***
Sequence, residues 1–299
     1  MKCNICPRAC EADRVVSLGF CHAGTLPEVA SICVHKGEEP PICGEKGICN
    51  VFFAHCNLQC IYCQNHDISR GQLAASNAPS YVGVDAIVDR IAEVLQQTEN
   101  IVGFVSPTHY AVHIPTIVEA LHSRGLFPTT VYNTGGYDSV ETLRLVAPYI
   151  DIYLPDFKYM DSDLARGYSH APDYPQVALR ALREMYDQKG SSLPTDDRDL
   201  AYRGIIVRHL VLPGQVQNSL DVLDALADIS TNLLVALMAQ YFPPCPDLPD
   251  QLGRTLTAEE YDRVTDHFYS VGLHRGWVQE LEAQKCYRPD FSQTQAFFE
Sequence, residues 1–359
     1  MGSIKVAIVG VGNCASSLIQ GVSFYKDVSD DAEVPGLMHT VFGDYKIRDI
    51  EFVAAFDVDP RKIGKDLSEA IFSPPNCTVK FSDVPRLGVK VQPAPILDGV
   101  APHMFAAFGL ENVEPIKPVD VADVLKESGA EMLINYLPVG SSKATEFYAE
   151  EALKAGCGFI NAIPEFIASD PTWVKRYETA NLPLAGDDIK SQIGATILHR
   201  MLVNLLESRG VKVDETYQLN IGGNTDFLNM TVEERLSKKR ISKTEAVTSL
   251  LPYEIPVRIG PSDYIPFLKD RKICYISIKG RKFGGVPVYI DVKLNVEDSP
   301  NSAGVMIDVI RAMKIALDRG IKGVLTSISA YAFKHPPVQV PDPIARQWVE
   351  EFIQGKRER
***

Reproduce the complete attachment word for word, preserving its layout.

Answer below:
Sequence, residues 1–299
     1  MKCNICPRAC EADRVVSLGF CHAGTLPEVA SICVHKGEEP PICGEKGICN
    51  VFFAHCNLQC IYCQNHDISR GQLAASNAPS YVGVDAIVDR IAEVLQQTEN
   101  IVGFVSPTHY AVHIPTIVEA LHSRGLFPTT VYNTGGYDSV ETLRLVAPYI
   151  DIYLPDFKYM DSDLARGYSH APDYPQVALR ALREMYDQKG SSLPTDDRDL
   201  AYRGIIVRHL VLPGQVQNSL DVLDALADIS TNLLVALMAQ YFPPCPDLPD
   251  QLGRTLTAEE YDRVTDHFYS VGLHRGWVQE LEAQKCYRPD FSQTQAFFE
Sequence, residues 1–359
     1  MGSIKVAIVG VGNCASSLIQ GVSFYKDVSD DAEVPGLMHT VFGDYKIRDI
    51  EFVAAFDVDP RKIGKDLSEA IFSPPNCTVK FSDVPRLGVK VQPAPILDGV
   101  APHMFAAFGL ENVEPIKPVD VADVLKESGA EMLINYLPVG SSKATEFYAE
   151  EALKAGCGFI NAIPEFIASD PTWVKRYETA NLPLAGDDIK SQIGATILHR
   201  MLVNLLESRG VKVDETYQLN IGGNTDFLNM TVEERLSKKR ISKTEAVTSL
   251  LPYEIPVRIG PSDYIPFLKD RKICYISIKG RKFGGVPVYI DVKLNVEDSP
   301  NSAGVMIDVI RAMKIALDRG IKGVLTSISA YAFKHPPVQV PDPIARQWVE
   351  EFIQGKRER